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Devroy Home Renovations LLC, Robert Michael Devroy, 1212 Nicolet Ave., Green Bay 54304. Sweet Soil Market Garden LLC, Scott W. Rosenberg, 318 13th Ave., Green Bay 54303. Bug-A-Boo Lice Treatment LLC, Monica Veley, 1029 Langlade Ave., Green Bay 54304. Mark’s Electrical Service LLC, Mark Novitski, 1235 Waube Lane, Green Bay 54304. Daisy Muse Designs LLC, Laura Norman, 1055 Langlade Ave., Green Bay 54304. Fat Burner Foods LLC, Mark Rotherham, 1017 Tommark St., Green Bay 54304. Heartland Express Services INC., Tara Gerl, 1135 Contract Dr., Green Bay 54304. Flawless Janitorial LLC, Ana-Hec Sepulveda, 1828 Newberry Ave., Green Bay 54302. A.P.L. Roofing LLC, Arturo Pacheco Luna, 1025 Heyrman St., Green Bay 54302. Exo Productions LLC, Orrey Matelski, 1710 Decker Ave., Green Bay 54302. Rolling Rock Transport LLC, Robert D. Hannon, 1966 Harold St., Green Bay 54302. Precision Financial Strategies INC., Jenny Delvaux, 5965 Clover Valley Dr., Green Bay 54308. KW Motors LLC, Rosalinda Villasenor, 1705 E. Mason St., Green Bay 54302. Williams Auto Mart LLC, William Thayse, 1545 Cornell Road, Unit 23, Green Bay 54313. Final Touch Land Shaping LLC, Donald Stewart, 760 Meadowbrook Ct., Green Bay 54313. Lost Creek Studios LLC, James R. Pintar, 3409 Blackberry Lane, Green Bay 54313. Alternative Pain Management Therapies LLC, Heather Haluska, 431 Van Caster Dr., Green Bay 54311. Bay Fence and Exteriors LLC, Justin Schmidtka, 1126 Jaymar St., Green Bay 54313. Sinks For Less LLC, Joseph M. Lazzaro, 2500 Deerfield Ave., Ste. E, Suamico 54173. Knockerball Fox Cities LLC, Brenda O’Brien, 328 N. Poplar St., Wrightstown 54180.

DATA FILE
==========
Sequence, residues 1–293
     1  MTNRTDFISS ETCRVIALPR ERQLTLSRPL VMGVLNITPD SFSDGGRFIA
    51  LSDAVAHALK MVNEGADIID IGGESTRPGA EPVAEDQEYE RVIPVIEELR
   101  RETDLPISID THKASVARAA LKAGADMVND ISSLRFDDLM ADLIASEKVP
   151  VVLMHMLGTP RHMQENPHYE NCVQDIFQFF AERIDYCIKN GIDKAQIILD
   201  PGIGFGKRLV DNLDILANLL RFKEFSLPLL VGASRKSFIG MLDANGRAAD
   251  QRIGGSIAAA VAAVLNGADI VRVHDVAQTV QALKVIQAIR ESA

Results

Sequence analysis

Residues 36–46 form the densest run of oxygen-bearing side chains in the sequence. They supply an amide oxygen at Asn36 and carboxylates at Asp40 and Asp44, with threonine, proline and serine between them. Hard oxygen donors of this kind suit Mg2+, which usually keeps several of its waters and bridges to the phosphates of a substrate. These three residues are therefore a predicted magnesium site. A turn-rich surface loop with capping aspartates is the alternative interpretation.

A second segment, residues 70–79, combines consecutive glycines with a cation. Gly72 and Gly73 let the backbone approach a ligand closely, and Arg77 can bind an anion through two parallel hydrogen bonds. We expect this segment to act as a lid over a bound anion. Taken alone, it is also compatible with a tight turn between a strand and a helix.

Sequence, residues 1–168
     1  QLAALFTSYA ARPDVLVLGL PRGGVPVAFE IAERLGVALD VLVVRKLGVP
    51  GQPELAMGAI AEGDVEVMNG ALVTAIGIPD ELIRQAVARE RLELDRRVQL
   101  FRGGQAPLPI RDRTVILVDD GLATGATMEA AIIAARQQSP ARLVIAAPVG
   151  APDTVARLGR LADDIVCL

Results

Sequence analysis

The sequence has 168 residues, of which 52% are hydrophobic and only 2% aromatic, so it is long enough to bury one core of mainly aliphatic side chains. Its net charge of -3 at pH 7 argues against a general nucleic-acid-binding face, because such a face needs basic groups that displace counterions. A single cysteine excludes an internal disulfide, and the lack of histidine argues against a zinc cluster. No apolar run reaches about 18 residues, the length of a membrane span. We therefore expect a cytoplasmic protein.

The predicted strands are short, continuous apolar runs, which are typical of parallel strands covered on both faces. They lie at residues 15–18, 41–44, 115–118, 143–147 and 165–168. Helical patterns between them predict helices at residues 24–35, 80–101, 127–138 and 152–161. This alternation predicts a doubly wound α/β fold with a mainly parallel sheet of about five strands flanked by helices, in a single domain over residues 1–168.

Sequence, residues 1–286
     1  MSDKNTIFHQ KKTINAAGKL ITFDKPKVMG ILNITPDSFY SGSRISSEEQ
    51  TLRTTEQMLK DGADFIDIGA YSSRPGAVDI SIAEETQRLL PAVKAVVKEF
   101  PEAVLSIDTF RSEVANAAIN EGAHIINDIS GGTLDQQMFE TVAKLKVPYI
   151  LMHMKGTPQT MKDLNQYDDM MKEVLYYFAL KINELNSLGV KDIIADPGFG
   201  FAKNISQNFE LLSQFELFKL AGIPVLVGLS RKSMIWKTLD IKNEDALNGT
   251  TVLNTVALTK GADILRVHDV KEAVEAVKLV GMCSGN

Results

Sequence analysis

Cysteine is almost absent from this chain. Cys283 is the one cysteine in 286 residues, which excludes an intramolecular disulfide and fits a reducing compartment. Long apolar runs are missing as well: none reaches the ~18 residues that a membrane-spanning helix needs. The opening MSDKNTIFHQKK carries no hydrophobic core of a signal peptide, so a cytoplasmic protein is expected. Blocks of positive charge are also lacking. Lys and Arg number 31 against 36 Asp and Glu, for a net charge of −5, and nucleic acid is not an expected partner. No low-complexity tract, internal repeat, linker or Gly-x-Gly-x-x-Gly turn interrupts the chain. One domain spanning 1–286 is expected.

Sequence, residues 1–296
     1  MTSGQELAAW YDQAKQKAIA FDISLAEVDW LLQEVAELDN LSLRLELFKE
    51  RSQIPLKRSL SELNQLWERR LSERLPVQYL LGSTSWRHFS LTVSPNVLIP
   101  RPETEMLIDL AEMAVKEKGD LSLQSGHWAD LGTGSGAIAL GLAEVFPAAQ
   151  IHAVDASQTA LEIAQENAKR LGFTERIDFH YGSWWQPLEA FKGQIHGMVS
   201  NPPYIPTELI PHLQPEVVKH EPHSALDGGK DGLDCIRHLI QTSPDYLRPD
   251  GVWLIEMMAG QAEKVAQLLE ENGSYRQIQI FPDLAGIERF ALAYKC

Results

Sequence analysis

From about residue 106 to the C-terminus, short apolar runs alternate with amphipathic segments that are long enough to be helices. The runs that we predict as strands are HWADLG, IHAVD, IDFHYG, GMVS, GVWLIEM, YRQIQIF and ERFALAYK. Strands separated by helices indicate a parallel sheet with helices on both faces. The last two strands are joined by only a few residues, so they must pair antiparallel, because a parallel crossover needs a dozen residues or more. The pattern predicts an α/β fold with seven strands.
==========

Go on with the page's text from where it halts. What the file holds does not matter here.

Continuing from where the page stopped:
Birds Of A Feather Apparel LLC, Bryce Walther, W5085 Fox Lane, Sherwood 54169. Lugnut Bar & Grill LLC, Alexander A. Stumpf, N7475 State Road 114, Sherwood 54169.
Fond du Lac County
Hanson Tool and Fabrication LLC, Jordan Hanson, W1402 Pine Lane, Campbellsport 53010.
Wiesner Auto Sales LLC, James Michael Wiesner, W3050 Elmore Dr., Campbellsport 53010. Valley Creek Kennel LLC, Jesse James Dieckman, 144 S. Barton Road, Campbellsport 53010. Veteran’s Resource Center INC., Kenneth S. Folberg, 498 W. Scott St., Fond du Lac 54937. Apex Realty LLC, Kevin J. Jones, N6576 Carrington Dr., Fond du Lac 54937. Fond du Lac County Crematory LLC, Donald Ray Kurki, 31 E. Division St., Fond du Lac 54935. Swept Away Office Cleaning LLC, Ilenia M. Escamilla, 550 Van Dyne Road, Lot 54, Fond du Lac 54937. MPZ Trucking LLC, Martin Paul Zaher, Jr., 707 Wisconsin Ave., Apt. 4A, North Fond du Lac 54937. Unknown Keepsakes and Ideas LLC, Brian Lee Miller, 332 Deer Trail Lane, Oakfield 53065. J Lambert Transport LLC, Jacqueline A. Perkins, 53 Union St., Ripon 54971. Glory Be Photography LLC, Tara M. Bos, W10076 Triple Kay Road, Rosendale 54974. Awesome Exterior Paint and Construction LLC, Louise Covill, 205 W. Railroad Ave., St. Cloud 53073. Peerless Well & Pump INC., Scott A. De Young, 1212 Storbeck Dr., Waupun 53963.